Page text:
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Vasubandhu Misra

Abstract

This study reveals the inadequacy of the Center for Ocean–Land–Atmosphere Studies (COLA) atmospheric general circulation model (AGCM) and the National Centers for Environmental Prediction–National Center for Atmospheric Research (NCEP–NCAR) reanalysis to resolve the variance of the intraseasonal anomalies of outgoing longwave radiation (OLR) over the South American summer monsoon (SASM) domain and the equatorial eastern Pacific Ocean (EEPO) owing to their coarse horizontal resolution. However, when the NCEP–NCAR reanalysis is downscaled by roughly a factor of 2.5 using the Regional Spectral Model (RSM; control-A experiment), the simulation of the seasonal mean variance of intraseasonal anomalies of OLR improves significantly. But downscaling the results of the COLA AGCM (control-B experiment) by roughly a factor of 4 led to no further improvement.

Using the novel technique of anomaly nesting, which replaces the climatology of the COLA AGCM of the nested variables at the lateral boundaries of the RSM with the NCEP–NCAR reanalysis climatology (AN experiment), the simulation of the intraseasonal variance of OLR improves significantly over control-B runs. This improvement is shown to coincide with a distinct diurnal variation of the intraseasonal scales displayed in the AN integrations, which compare reasonably well with control-A integrations. A disappointing result of this study is that the generated variance of intraseasonal anomalies of OLR in the AN integrations arises from the internal variability of the model. However, it is concluded that the systematic errors of the COLA AGCM imposed on RSM from the lateral boundary conditions suppress the generation of intraseasonal variability.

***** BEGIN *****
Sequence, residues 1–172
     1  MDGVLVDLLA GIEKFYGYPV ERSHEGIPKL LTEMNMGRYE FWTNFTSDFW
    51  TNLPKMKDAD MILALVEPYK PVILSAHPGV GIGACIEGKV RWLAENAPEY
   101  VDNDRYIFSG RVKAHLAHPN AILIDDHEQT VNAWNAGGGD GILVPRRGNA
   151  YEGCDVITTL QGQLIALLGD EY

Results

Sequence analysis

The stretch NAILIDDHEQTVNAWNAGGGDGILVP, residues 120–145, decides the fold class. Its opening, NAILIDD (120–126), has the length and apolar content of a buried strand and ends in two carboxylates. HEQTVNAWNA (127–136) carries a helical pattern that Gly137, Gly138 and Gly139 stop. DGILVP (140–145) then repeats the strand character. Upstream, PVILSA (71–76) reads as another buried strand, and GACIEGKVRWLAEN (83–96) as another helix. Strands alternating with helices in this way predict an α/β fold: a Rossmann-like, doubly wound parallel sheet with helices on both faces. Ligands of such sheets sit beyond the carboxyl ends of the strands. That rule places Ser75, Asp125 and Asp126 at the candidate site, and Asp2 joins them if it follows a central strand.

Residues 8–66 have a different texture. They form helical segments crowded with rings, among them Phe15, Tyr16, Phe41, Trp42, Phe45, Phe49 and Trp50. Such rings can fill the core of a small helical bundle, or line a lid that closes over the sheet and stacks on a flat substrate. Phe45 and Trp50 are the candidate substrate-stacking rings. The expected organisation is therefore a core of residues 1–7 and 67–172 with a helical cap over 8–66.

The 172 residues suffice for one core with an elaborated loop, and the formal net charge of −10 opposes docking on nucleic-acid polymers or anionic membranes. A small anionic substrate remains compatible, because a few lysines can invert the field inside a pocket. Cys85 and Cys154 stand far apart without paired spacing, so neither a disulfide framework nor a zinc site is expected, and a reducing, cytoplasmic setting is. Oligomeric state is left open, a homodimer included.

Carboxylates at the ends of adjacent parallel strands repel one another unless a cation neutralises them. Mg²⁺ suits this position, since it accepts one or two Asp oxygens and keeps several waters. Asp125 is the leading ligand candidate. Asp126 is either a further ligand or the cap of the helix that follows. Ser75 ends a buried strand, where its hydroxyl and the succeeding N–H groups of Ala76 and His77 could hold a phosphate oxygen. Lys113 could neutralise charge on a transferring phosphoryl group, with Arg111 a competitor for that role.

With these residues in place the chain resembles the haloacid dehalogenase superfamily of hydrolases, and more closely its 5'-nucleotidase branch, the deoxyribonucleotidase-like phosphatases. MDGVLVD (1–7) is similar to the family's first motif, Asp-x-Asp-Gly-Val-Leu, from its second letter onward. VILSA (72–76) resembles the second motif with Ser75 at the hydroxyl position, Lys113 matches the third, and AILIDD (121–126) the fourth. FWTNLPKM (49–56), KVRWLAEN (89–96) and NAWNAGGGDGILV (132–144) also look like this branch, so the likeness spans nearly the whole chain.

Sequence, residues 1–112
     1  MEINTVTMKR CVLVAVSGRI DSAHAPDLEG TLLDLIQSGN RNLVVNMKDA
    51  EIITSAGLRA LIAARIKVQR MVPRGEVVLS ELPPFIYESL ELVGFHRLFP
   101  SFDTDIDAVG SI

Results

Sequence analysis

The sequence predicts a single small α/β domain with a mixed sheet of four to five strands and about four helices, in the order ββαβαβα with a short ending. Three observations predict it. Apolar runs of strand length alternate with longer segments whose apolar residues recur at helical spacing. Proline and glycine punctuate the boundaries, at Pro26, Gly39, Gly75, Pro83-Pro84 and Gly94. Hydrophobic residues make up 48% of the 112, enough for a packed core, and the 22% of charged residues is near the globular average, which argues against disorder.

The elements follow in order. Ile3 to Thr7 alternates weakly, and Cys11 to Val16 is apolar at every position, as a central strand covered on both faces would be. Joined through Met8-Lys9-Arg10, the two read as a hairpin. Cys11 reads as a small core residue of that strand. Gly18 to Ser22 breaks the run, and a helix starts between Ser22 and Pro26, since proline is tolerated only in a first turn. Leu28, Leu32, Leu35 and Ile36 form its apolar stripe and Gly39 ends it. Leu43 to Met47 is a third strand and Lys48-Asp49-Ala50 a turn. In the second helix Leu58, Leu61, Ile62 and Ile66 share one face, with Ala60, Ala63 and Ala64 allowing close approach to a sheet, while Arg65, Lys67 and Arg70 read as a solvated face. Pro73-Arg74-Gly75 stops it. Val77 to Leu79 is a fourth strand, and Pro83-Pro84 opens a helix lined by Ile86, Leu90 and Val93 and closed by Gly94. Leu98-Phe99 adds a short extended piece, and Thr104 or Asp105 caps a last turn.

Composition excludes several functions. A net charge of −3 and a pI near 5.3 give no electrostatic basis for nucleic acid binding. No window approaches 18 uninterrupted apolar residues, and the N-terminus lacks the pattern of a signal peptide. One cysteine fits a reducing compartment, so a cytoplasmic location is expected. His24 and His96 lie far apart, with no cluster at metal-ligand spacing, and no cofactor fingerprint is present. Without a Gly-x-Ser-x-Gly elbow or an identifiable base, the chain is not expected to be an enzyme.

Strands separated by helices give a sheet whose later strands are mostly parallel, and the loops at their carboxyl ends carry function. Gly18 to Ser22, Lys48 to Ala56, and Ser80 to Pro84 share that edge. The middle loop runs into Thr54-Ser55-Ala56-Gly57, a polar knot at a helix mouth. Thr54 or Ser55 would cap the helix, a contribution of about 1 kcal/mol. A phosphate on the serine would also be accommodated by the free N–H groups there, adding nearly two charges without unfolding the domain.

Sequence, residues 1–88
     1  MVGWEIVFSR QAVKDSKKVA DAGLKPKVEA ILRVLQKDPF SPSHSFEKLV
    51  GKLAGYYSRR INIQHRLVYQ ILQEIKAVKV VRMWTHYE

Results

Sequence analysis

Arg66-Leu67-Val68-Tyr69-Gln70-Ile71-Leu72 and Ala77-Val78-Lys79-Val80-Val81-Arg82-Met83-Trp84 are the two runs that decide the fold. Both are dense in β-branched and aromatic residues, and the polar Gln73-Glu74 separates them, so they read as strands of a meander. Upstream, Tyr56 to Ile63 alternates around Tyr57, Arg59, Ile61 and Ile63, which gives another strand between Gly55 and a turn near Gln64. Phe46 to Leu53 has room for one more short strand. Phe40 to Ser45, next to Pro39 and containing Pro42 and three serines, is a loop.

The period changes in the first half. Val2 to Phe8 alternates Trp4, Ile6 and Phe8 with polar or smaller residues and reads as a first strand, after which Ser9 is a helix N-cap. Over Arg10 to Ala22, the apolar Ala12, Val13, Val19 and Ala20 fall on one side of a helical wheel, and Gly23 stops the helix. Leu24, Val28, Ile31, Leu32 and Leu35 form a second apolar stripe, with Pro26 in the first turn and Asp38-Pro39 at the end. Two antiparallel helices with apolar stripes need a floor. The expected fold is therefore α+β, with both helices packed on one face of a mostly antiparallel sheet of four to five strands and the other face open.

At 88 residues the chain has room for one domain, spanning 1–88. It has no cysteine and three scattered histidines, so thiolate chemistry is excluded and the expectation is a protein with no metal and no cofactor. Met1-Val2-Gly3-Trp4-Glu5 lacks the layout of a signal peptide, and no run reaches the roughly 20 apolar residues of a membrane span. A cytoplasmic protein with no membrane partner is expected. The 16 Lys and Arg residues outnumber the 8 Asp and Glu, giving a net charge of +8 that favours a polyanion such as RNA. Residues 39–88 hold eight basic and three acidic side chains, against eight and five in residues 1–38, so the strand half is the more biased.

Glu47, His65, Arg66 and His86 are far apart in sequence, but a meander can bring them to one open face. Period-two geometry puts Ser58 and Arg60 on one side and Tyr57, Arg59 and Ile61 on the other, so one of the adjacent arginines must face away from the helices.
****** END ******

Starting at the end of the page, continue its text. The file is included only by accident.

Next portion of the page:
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Vasubandhu Misra

Abstract

This study is an analysis of AGCM model results to understand the dynamics of the response of precipitation over southern Africa (SA) to anomalies in the sea surface temperature (SST) over the Pacific Ocean. The pattern of interannual precipitation anomaly over SA and its temporal variations are quite similar in both the ensemble mean of the control (where AGCM is forced with observed SSTs in all ocean basins) and experimental runs (where AGCM is forced with seasonally varying climatological SST over the Pacific Ocean). However, the amplitude of the variability is found to be relatively reduced in the experimental runs. This is shown to be a result of the modulation of the Walker circulation by the variability of Pacific Ocean SST. The regional teleconnection pattern between the dominant mode of SA precipitation variability and SST anomalies over the eastern Indian Ocean is also influenced by the variations in Pacific SST. The nature of the teleconnection between SA precipitation and eastern Indian SST is apparent only when the Pacific SST variability is excluded. This is corroborated from observations as well.